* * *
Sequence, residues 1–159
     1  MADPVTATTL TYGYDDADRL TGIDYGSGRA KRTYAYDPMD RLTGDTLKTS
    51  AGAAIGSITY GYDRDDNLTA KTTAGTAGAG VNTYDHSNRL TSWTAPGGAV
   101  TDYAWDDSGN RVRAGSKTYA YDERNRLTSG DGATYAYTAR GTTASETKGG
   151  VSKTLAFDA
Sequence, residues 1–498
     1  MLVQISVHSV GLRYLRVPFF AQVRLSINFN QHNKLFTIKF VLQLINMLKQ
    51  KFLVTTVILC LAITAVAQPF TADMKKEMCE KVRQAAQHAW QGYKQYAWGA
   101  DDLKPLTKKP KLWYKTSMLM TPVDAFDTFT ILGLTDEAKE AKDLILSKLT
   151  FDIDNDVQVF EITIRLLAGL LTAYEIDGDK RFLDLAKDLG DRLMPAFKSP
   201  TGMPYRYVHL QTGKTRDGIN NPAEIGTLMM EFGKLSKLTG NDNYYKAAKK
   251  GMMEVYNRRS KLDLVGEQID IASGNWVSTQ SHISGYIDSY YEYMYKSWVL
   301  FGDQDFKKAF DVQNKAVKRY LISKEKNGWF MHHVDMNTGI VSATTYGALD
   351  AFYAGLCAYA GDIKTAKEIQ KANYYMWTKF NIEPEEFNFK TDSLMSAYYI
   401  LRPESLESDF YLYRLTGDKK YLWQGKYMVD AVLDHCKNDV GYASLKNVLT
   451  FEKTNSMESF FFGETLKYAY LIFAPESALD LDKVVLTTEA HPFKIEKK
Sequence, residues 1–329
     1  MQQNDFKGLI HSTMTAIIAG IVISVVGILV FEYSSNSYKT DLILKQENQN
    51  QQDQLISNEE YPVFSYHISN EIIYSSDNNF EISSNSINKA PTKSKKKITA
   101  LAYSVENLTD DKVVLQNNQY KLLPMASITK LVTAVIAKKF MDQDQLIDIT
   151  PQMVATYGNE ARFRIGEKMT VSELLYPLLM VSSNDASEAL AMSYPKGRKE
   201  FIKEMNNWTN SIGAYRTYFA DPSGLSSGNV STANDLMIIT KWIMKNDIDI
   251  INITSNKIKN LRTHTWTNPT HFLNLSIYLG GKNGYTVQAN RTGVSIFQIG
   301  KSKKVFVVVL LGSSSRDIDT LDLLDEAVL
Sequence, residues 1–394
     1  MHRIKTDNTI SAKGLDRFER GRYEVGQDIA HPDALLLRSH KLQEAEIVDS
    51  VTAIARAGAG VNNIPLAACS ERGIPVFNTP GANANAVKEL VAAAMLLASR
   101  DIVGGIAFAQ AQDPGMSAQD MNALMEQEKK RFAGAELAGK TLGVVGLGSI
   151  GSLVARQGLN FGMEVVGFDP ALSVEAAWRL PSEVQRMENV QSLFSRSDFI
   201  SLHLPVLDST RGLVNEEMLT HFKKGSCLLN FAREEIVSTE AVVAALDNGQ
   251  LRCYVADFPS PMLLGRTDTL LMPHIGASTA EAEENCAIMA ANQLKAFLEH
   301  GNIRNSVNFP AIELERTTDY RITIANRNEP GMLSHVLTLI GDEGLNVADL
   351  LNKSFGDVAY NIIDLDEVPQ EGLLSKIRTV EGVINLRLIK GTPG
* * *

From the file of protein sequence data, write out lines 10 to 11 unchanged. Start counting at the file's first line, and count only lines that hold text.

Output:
   151  FDIDNDVQVF EITIRLLAGL LTAYEIDGDK RFLDLAKDLG DRLMPAFKSP
   201  TGMPYRYVHL QTGKTRDGIN NPAEIGTLMM EFGKLSKLTG NDNYYKAAKK